I never lied to her about how babies are made, but I definitely withheld information, giving just enough age-appropriate facts I deemed wise at the time, hoping to slow her down, at least temporarily. At one point, I told her that I had given her all the information that was appropriate for her age, and she would just have to wait to learn more until she was older. That, remarkably, satisfied her for almost a year. Eventually, though, and the circumstances aren’t important here, she learned the “yucky” truth about baby-making, significantly earlier than any of her friends, and unfortunately so did her twin, who really didn’t want to know anything in the first place. Again, we had the conversation that we had about Santa Claus years earlier: parents have the right to decide what to tell their kids about sex (cross out ‘Santa Claus”) and it was not our place to mess it up. My girls once again never said a word, mentioning it only when a couple of friends shared their recent and apparently traumatic (crying, screaming) how-babies-are-made discovery moment.
Then, there are the jinns. Jinns are decidedly not a discussion for non-Muslim relatives who happen to be devout atheists. Indeed, jumping into a discussion about jinns should not be one’s first attempt at da’wah. But my girls know and have known about jinns for a long time. We have the du’a of protection hanging outside of the main hallway bathroom as a reminder. But as we discovered, not all Muslims are comfortable with a jinn discussion either, giving their kids very little information about the subject. So, we were back to what seems to have become a family mantra: parents have the right to decide what to tell their kids about jinns (cross out ‘Santa Claus” and “sex”) and it was not our place to mess it up.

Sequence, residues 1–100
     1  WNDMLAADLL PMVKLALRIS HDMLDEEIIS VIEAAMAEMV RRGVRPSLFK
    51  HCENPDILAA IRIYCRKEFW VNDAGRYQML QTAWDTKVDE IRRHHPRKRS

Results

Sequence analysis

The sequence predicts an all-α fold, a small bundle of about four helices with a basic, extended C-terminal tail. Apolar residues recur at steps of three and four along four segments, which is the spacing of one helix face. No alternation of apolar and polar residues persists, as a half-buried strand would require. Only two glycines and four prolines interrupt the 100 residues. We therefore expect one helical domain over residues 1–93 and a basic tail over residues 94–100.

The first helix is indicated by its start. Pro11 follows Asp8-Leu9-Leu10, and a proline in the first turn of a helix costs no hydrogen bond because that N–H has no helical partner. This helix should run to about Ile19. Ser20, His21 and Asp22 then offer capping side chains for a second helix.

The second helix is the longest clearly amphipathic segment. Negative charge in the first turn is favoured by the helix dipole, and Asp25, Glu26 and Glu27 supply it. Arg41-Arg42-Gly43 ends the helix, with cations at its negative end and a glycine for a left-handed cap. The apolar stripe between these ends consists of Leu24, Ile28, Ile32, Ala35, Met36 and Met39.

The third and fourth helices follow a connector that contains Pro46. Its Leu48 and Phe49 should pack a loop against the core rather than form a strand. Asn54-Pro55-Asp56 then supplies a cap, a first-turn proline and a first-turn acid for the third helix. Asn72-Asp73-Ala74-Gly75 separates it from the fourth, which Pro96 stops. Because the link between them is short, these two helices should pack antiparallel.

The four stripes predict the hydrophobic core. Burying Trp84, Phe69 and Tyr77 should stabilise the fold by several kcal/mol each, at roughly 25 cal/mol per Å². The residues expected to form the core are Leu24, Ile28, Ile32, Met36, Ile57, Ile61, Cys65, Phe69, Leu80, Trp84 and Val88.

Sex, jinns, and Santa Claus all have one thing in common: topics that many Muslim parents discuss with their kids that their kids should not discuss with their friends (Santa Claus with non-Muslim friends), until it is clear that all parents involved are okay with those discussions. The reason, as mentioned above, is that parents should decide how these issues will be learned and discussed and in what detail and when. Children are not in a position to make this decision, and it would be difficult for them to negotiate this line – indeed parents often have difficulty doing this. Remember my husband in flee mode!
So what can we do to protect our children from talking about something with other children that they potentially shouldn’t discuss? I think it depends on the circumstances and the child. Does my child need to have this information at this time? Should she? Is this something she is able to keep to herself? Is that too much to ask of her? In general, before divulging any potentially trouble-causing information to our children, as parents we should ask ourselves a lot of poignant questions and look at the potential ramifications of doing so. And, of course, if all else fails – run!
Some people asked Allah’s Messenger (SAW), “Whose Islam is the best? i.e. (Who is a very good Muslim)?” He replied, “One who avoids harming the Muslims with his tongue and hands.” (Bukhari)
J. Samia Mair is the author of five children’s books, the most recent Zak and His Good Intentions (2014) and The Great Race to Sycamore Street (2013). She is currently working on sequels. She is a Staff Writer for SISTERS Magazine and Discover, The magazine for curious Muslim kids and has published in magazines, books, anthologies, scientific journals and elsewhere.